"In a Congolese national park, great apes of different species interact socially, with individuals clearly recognizing one another."
"In the misty forests of the Congolese rainforest, a small band of apes fed in a tree. Adult chimpanzees dined on fruit in the canopy, while a pair of young apes played nearby. But one of the playing apes was not a chimpanzee: It was a gorilla.
“Most of what we’d been told about the interactions between these two species is that they’d be competitive or they would avoid each other,” said Crickette Sanz, an anthropologist at Washington University in St. Louis who witnessed such a scene for the first time in 2000. But over two decades of observations at Nouabalé-Ndoki National Park in the Republic of Congo, she and her colleagues recorded yearslong relationships and other forms of social interactions between individual chimpanzees and gorillas. Their research was published last month in iScience.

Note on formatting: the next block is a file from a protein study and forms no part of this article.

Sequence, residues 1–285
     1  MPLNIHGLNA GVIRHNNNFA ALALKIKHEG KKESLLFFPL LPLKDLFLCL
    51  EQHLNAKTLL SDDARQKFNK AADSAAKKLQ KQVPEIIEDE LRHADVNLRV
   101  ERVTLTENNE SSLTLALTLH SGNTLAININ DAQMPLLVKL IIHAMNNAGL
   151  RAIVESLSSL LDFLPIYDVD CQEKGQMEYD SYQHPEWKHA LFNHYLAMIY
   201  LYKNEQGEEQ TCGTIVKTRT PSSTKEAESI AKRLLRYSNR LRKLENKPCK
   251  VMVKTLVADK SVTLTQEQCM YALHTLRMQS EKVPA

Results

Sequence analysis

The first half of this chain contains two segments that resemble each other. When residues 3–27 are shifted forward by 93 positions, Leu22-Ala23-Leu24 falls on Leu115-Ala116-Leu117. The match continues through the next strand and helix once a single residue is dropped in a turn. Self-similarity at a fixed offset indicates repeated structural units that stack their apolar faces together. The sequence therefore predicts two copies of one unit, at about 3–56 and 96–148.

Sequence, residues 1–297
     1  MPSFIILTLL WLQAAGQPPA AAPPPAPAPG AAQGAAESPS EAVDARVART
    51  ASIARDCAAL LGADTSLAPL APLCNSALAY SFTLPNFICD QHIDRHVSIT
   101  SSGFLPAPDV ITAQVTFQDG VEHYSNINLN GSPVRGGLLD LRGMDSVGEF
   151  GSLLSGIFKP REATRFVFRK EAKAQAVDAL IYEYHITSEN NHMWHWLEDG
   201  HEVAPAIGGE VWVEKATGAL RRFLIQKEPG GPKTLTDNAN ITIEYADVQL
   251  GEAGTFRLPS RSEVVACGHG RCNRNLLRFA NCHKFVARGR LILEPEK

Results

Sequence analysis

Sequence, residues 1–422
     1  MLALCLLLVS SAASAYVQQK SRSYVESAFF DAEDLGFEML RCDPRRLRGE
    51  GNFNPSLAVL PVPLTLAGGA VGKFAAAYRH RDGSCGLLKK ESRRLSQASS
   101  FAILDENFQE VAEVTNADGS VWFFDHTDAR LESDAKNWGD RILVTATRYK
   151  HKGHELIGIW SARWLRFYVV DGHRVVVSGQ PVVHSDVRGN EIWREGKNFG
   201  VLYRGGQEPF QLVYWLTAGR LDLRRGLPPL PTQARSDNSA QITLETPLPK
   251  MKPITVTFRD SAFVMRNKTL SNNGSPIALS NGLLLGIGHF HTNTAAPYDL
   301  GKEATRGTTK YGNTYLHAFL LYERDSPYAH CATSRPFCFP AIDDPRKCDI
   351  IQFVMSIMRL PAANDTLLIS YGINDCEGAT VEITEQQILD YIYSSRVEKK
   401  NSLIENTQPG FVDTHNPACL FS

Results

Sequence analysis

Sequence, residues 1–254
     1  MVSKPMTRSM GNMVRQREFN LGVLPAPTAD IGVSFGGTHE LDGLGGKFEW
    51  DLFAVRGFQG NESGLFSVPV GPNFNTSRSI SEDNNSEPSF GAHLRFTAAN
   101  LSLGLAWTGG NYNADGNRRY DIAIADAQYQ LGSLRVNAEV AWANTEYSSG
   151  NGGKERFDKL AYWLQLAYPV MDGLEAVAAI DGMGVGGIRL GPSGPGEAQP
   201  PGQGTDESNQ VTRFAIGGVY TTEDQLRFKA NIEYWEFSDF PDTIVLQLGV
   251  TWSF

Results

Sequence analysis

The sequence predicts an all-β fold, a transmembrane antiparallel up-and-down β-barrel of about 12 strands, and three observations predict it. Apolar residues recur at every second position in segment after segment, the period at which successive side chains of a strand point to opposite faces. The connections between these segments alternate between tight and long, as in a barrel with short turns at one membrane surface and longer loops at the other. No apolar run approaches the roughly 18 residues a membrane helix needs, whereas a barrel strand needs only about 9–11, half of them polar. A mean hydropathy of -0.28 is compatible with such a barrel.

While the populations of chimpanzees in East and West Africa have been well studied over the past several decades, the bands present in Congo are less well known, Dr. Sanz said. Their range overlaps with the region containing a majority of remaining gorillas, particularly within the remote Goualougo Triangle."
Asher Elbein reports for the New York Times October 11, 2022.